“In faith there is enough light for those who want to believe and enough shadows to blind those who don't.”
I don't know if you have noticed, but teenagers who date go through boy/girlfriends at an alarming rate. Television shows like the bachelor, bachelorette, the sex box, and even your average sitcom glorify dating, and worse, sexual activity in the dating process is glorified. In fact, dating has become more about great sex than companionship, mutual fulfillment, honoring God, procreation (this is different from simply having sex), mutual support, even sanctification. This is, in part, why homosexuality and same sex marriage have begun to be accepted. Even more problematic is the approach some parents take towards dating, it is often encouraged at a young age. Dads tease their kids about it in an almost endearing way, moms talk about how cute it is and so on (I admit, I've teased my kids). What's the problem? The problem is that parents who do this are also the ones helping the kid break up (divorce) when things don't work out. Before you start sending me nasty emails, hear me out. I'm not suggesting that there are ways to avoid break ups, but I am suggesting that when kids start dating too soon or with an improper understanding we may be setting them up for failure in their marriage.
In essence, we are helping them learn how to get divorced. What is divorce if it is not a break up with more assets, and perhaps kids, involved? Think about it, they start dating, and in this culture they will be pressured to become physically involved. With physical involvement comes emotional and spiritual intimacy for which they are not ready...then comes the breakup/divorce.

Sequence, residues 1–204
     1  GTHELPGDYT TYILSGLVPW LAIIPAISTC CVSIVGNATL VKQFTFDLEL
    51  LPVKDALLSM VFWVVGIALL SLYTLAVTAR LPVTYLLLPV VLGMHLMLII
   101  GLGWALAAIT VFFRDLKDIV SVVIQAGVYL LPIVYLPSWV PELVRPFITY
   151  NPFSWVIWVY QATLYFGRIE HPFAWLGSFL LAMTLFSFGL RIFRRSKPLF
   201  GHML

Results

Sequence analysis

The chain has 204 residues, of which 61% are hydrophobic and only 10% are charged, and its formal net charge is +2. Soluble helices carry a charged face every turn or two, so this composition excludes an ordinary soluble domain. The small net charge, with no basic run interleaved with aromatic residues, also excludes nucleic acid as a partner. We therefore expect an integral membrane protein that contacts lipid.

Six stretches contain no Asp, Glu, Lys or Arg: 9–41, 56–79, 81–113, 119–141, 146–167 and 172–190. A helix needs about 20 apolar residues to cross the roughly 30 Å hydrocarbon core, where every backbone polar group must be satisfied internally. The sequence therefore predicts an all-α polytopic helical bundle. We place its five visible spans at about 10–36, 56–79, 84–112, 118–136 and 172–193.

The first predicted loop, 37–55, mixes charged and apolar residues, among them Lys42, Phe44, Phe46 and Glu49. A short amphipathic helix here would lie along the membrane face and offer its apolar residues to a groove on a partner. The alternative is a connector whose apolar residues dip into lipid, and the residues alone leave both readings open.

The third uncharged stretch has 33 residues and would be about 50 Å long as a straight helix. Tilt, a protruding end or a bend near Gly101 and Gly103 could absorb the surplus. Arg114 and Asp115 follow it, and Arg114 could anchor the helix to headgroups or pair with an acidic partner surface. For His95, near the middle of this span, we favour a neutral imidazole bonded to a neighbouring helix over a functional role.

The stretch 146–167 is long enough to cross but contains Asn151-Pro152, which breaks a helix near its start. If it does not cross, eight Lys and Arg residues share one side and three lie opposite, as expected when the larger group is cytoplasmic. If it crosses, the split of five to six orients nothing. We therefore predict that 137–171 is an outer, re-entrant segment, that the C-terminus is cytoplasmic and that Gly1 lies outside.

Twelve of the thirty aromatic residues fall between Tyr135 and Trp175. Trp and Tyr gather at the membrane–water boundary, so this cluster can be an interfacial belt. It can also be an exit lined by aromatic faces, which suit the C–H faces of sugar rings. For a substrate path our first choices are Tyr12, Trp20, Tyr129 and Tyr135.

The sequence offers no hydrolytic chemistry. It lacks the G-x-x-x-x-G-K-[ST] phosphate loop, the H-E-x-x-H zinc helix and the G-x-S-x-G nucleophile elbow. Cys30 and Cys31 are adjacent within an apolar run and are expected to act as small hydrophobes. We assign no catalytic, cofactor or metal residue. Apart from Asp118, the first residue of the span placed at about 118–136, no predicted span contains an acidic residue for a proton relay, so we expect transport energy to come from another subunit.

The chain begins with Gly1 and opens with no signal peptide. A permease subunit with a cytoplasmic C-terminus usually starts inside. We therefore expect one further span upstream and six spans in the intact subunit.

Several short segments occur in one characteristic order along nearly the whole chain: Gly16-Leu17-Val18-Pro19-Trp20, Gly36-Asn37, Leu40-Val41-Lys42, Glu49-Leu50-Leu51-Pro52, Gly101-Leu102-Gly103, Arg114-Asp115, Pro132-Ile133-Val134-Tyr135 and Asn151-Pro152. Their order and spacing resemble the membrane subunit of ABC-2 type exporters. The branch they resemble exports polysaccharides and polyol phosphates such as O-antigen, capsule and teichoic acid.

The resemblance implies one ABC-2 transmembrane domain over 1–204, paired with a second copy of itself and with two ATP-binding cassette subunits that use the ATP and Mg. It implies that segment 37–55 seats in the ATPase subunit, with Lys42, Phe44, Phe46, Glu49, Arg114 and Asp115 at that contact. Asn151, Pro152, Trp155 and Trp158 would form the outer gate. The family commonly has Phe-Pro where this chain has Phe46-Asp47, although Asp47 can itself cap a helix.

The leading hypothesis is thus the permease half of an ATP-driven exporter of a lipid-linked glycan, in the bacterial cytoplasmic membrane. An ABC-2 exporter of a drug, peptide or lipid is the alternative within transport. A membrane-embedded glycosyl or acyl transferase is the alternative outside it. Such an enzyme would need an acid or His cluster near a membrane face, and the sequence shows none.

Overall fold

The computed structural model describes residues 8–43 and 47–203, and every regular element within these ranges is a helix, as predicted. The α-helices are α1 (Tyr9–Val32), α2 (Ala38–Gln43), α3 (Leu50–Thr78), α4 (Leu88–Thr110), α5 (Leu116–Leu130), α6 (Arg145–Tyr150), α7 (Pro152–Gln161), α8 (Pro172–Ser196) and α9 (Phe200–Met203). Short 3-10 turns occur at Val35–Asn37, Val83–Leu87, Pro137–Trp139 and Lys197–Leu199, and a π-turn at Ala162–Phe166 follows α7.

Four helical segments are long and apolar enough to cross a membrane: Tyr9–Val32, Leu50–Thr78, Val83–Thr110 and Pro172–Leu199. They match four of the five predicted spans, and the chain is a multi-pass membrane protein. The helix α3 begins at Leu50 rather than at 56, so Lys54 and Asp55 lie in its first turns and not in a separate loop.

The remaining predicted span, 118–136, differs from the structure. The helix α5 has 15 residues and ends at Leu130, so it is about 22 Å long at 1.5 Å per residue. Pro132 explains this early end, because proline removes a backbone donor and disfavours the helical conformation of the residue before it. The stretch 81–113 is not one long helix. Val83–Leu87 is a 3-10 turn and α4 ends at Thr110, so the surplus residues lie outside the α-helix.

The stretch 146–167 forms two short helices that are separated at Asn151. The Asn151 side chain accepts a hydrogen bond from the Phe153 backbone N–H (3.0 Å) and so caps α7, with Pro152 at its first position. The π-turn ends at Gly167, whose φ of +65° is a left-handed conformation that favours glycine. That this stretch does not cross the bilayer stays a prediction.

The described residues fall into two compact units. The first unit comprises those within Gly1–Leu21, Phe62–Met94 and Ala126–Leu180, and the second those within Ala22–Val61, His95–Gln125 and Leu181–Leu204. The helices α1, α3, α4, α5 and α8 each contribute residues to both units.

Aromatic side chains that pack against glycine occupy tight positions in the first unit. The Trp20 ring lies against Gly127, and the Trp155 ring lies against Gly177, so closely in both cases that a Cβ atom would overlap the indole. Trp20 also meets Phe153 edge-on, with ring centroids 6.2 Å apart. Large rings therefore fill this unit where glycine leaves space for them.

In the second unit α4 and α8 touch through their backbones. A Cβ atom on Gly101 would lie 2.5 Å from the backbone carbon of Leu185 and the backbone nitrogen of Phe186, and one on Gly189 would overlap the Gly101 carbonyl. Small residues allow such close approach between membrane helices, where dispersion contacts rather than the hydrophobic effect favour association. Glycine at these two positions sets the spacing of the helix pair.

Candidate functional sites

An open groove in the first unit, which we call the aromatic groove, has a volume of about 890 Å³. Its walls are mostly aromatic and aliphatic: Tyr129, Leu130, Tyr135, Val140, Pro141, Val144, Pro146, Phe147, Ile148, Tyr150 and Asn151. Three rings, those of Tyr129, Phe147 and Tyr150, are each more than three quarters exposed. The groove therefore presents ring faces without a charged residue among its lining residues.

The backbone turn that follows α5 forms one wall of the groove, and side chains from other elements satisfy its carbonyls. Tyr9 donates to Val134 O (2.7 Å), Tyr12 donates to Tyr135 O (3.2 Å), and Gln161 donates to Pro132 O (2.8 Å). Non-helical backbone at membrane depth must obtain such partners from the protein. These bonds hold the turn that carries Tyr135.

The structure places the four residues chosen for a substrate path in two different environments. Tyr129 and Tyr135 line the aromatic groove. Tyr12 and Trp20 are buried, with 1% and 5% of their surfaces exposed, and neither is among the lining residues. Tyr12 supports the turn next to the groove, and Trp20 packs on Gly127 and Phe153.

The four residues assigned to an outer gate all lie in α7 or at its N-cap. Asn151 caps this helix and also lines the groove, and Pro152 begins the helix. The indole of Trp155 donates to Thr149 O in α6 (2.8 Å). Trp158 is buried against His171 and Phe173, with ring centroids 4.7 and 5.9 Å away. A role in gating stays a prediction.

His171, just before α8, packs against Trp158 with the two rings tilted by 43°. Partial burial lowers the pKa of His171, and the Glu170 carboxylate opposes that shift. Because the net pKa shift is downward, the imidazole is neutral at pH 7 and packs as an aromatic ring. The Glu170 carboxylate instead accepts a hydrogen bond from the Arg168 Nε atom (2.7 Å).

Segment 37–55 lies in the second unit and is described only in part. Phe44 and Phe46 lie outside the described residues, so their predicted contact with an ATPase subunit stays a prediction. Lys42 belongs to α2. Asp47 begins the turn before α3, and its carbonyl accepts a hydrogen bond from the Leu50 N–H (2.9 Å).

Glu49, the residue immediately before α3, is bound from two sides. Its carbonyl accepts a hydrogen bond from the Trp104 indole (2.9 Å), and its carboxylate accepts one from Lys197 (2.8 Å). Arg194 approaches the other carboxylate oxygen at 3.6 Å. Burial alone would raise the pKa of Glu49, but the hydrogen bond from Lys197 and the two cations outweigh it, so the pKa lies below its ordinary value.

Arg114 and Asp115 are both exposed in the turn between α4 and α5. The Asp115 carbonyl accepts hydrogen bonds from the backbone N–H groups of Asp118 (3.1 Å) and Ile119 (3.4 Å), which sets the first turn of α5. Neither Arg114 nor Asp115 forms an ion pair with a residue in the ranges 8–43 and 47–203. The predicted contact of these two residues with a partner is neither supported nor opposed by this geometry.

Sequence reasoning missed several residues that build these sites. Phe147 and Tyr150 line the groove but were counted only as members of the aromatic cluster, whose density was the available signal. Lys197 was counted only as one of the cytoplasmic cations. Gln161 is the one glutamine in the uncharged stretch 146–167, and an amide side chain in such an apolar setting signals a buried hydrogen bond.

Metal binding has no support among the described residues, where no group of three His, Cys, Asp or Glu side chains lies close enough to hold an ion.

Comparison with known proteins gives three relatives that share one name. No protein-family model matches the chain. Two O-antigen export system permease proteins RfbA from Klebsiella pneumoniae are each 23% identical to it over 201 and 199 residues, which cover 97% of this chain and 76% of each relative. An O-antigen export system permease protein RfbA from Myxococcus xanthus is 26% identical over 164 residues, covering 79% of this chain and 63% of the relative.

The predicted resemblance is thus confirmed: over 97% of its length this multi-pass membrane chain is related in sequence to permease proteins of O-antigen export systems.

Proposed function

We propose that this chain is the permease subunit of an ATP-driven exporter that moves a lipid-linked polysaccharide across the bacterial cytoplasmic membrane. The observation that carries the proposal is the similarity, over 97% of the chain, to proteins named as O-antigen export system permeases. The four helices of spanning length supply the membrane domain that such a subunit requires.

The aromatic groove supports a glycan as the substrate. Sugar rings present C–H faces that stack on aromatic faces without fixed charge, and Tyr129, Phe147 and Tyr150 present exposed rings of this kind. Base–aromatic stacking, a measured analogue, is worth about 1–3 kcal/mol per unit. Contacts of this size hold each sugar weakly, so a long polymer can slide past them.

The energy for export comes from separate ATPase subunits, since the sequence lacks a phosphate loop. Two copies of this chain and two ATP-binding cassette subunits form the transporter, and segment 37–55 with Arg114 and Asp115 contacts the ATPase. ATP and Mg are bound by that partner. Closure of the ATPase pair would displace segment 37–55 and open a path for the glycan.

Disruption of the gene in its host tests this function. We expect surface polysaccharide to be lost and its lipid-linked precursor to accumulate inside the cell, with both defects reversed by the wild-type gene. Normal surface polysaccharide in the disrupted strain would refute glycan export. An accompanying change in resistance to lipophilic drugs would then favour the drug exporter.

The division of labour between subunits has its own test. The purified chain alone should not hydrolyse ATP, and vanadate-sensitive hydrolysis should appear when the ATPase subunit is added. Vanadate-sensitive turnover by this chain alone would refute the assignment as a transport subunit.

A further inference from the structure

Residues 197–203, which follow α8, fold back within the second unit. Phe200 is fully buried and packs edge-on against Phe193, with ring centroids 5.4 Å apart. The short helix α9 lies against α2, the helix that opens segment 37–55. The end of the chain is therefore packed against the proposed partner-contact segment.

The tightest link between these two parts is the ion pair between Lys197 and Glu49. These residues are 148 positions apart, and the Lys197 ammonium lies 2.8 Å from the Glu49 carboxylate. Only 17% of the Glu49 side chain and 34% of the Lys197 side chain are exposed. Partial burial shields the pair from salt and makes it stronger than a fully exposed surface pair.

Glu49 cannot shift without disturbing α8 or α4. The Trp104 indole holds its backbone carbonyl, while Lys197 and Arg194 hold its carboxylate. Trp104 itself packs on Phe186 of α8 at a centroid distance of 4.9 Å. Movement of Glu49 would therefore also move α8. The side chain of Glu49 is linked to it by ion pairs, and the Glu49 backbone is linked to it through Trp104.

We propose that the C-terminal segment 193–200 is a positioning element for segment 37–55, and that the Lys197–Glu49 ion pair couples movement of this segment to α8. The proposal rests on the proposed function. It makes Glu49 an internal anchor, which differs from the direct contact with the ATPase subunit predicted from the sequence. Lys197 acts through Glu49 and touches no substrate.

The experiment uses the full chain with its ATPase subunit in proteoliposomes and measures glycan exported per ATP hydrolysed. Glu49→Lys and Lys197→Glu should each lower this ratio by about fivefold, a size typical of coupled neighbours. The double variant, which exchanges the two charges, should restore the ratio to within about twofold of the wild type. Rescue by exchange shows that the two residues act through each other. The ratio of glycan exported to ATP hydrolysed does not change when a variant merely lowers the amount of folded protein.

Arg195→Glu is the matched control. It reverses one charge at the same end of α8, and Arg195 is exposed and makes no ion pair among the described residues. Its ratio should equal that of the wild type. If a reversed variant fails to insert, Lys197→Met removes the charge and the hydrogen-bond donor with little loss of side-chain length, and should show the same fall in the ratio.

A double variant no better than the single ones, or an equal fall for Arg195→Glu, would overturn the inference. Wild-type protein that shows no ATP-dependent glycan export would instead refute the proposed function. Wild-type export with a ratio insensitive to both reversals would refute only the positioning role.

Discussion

So what is a parent suppose to do? As parents it is easy to fall prey to cultural influences. Nobody wants to be the outcast, it doesn't matter how old they are. The truth is that culture is really good at turning out certain kinds of people, the kind that fit into the norms culture has decided upon. Unfortunately, these norms often run contrary to Biblical norms. Being a parent is as much more about evaluating culture and determining what practices to embrace and which ones to reject than it is about deciding when the kids should go to bed, what they should eat for lunch, which extra curricular activities with which they should be involved.
Several years ago when my daughter was in fifth grade and a couple of her friends were starting to "date" or have "boyfriends." All of the sudden she was interested in having a boyfriend as well. We had a conversation about the purpose of dating, which I believe is to find a spouse. Of course simply preaching this message would have probably been a bad strategy, so I led her on a logical journey and helped her discover this on her own. My daughter is now 16 and she doesn't plan on dating until she is in college. I realize I am blessed and this would not necessarily be the case with every kid. However, I also realize that the conversation we had when she was in 5th grade (and many times since then) set the stage for how she would view "dating" from that point on. I don't want to help her practice divorce. My prayer is that she will never have to experience the kind of heartbreak that goes with that kind of a break up. Perhaps there will be some break ups along the way, but I am not going to help my teenager get divorced.
Matt Chandler and his wife talk about this in a video here.
John Byrne is a pastor who has been spouting off his opinions his entire life (just ask his mom). This little blog is his venue for continuing in this tradition.